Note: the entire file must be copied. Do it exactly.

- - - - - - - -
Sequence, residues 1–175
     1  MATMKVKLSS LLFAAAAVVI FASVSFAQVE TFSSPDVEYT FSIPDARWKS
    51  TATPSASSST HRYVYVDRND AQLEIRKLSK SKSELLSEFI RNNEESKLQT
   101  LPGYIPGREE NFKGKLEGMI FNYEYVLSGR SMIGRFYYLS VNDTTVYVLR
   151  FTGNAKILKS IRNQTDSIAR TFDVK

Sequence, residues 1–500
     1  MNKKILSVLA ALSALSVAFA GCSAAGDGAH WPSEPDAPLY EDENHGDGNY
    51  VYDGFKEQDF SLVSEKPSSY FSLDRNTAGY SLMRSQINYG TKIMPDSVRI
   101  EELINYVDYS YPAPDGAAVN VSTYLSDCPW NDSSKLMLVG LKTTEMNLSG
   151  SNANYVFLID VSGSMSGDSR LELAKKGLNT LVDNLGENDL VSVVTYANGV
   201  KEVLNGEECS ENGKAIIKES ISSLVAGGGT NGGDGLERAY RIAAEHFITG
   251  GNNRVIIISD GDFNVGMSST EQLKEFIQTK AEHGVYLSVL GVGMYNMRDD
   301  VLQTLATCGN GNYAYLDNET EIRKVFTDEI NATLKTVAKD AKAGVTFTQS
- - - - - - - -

Sequence, residues 1–175
     1  MATMKVKLSS LLFAAAAVVI FASVSFAQVE TFSSPDVEYT FSIPDARWKS
    51  TATPSASSST HRYVYVDRND AQLEIRKLSK SKSELLSEFI RNNEESKLQT
   101  LPGYIPGREE NFKGKLEGMI FNYEYVLSGR SMIGRFYYLS VNDTTVYVLR
   151  FTGNAKILKS IRNQTDSIAR TFDVK

Sequence, residues 1–500
     1  MNKKILSVLA ALSALSVAFA GCSAAGDGAH WPSEPDAPLY EDENHGDGNY
    51  VYDGFKEQDF SLVSEKPSSY FSLDRNTAGY SLMRSQINYG TKIMPDSVRI
   101  EELINYVDYS YPAPDGAAVN VSTYLSDCPW NDSSKLMLVG LKTTEMNLSG
   151  SNANYVFLID VSGSMSGDSR LELAKKGLNT LVDNLGENDL VSVVTYANGV
   201  KEVLNGEECS ENGKAIIKES ISSLVAGGGT NGGDGLERAY RIAAEHFITG
   251  GNNRVIIISD GDFNVGMSST EQLKEFIQTK AEHGVYLSVL GVGMYNMRDD
   301  VLQTLATCGN GNYAYLDNET EIRKVFTDEI NATLKTVAKD AKAGVTFTQS